Saturday 16th June : Chapters 8 - 14
Sunday 17th June : Chapters 15 - 20
Monday 18th June : Chapters 21 - 24
Tuesday 19th June : Chapters 25 - 29 and Epilogue
Silent Witness by Richard North Patterson
Tony Lord Book #2
After the murder of his high school sweetheart left him shattered, Tony Lord vowed never to return to his Ohio hometown of Lake City. Twenty-eight years later, Tony is a successful California criminal lawyer with a beautiful celebrity wife. He's living the good life…until long-buried memories come crashing down when he hears from an old friend, who needs his help.
Sam Robb is a track coach at Lake City High. He swears he is not responsible for the death of one of his female team members. After the murder of his high school sweetheart left him shattered, Tony Lord vowed never to return to his Ohio hometown of Lake City. Twenty-eight years later, Tony is a successful California criminal lawyer with a beautiful celebrity wife. He's living the good life…until long-buried memories come crashing down when he hears from an old friend, Sam Robb...who needs his help. Back when they were teenagers, Sam stood by Tony when he was a suspect in his young girlfriend's murder―and Tony desperately wants to do the same for him today. In doing so, Tony will have to revisit his troubled past and probe the darkest secrets of small-town life to get to the truth. And what he will find is more shocking than he ever could have imagined.
I had never read a Richard North Patterson novel before...but am so glad that this one caught my eye. His work is outstanding. So much so that I believe he will join the ranks of my favorite mystery writers. I really enjoyed the book. The story was well told making it a "page turner" I had worked out who had probably committed the crime before the end but still was surprised by some of the evidence. Anyone that likes a good mystery along with some court room drama will really like this book.
✔The Joy Luck Club by Amy Tan - 288 pgs. - ★★★★★ - 6/14/2018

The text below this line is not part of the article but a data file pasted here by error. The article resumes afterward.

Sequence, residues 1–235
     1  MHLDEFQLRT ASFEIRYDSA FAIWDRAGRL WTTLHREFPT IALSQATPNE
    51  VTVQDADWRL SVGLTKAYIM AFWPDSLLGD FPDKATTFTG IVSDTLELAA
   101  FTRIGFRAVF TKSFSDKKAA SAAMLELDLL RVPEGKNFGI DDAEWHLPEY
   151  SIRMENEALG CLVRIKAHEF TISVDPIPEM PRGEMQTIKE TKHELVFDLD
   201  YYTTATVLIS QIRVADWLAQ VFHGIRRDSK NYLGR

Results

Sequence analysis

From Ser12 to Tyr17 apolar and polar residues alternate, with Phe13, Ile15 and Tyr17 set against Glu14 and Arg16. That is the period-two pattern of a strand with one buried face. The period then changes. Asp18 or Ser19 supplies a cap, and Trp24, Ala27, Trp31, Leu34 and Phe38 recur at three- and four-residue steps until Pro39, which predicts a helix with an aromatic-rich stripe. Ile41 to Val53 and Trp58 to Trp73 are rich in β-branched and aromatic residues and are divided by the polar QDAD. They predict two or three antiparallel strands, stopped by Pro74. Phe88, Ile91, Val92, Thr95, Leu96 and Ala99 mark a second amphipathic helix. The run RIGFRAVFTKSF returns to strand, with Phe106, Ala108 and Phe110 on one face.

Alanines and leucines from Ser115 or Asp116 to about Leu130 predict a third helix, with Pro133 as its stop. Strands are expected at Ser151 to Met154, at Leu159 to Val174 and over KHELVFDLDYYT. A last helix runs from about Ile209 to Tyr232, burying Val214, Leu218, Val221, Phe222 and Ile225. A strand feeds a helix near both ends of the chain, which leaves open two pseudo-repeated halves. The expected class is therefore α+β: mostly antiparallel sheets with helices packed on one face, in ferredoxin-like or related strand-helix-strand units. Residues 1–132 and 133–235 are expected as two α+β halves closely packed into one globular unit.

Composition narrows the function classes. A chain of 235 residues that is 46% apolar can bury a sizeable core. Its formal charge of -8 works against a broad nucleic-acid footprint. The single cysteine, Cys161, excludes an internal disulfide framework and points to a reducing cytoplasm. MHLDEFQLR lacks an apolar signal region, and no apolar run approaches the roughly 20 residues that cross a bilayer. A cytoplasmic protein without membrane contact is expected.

Finished the audio of this beautiful story of 4 Chinese women, recent immigrants to San Francisco who form The Joy Luck Cub. 40 years later story and history continue. Amy Tan examines deep connections between mothers and daughters. A very moving account and a true classic. Sad but story ends on a very positive note.
Rather Be The Devil by Ian Rankin
Inspector Rebus series Book #21
As he settles into an uneasy retirement, Rebus has given up his favorite vices. There's just one habit he can't shake: he can't let go of an unsolved case. It's the only pastime he has left, and up until now, it's the only one that wasn't threatening to kill him. But when Rebus starts reexamining the facts behind the long-ago murder of a glamorous woman at a luxurious hotel, the past comes roaring back to life with a vengeance. And as soon as Rebus starts asking questions about the long-forgotten crime, a fresh body materializes. As he connects the mysteries of the past to those of the present, Rebus learns that he's not the only one with an insatiable curiosity about what happened in that hotel room forty years ago, and that someone will stop at nothing to ensure that the crime remains ancient history.
Another visit with one of my favorite characters in one of my favorite cites...Edinburgh. Our Rebus is getting old and starting to slow down and take heath issues more seriously. One of the things that he also takes seriously is unsolved murders...especially those that he was connected with years ago but was taken off of before he could solve them. Some reviewers described Rebus as "the old war horse"...that may be truer than we think but it's good to see that he's not quite ready to hang up his saddle and be put out to pasture. Looking forward to more of Rebus.
The Guilty Dead by P.J. Tracy - 336 pgs. - ★★★★★
Gregory Norwood is found with a gun in his hand on the anniversary of his son's death from an overdose of heroin. It appears that Gregory may have committed suicide. Minneapolis detectives Leo Magozzi and Gino Rolseth are called in to handle the case. Something is not right and the detectives believe Norwood's death is not suicide. Magozzi calls on Grace MacBride, Monkeewrench Software’s founder and chief computer genius. She and her motley crew of partners begin to unravel connections between Norwood’s death and an even larger plot. Will they find the killer and save hundreds of lives doing so?
This is the 9th installment of the Monkeewrench series by P.J. Tracy and I would have to say the best of the series so far. I have read all the books and would suggest reading them in order as the storyline builds from one book to the next. I find the characters to be very unique and quite interesting. The plot kept the pages turning until the very surprising ending. I look forward to the next installment and I would highly recommend this series to those who love humor with their mysteries.
I would like to thank Crooked Lane Books and NetGalley for an advanced copy of this book for an honest review.
The Celtic Riddle by Lyn Hamilton
#4 An Archeological Mystery
2 1/2 ⭐️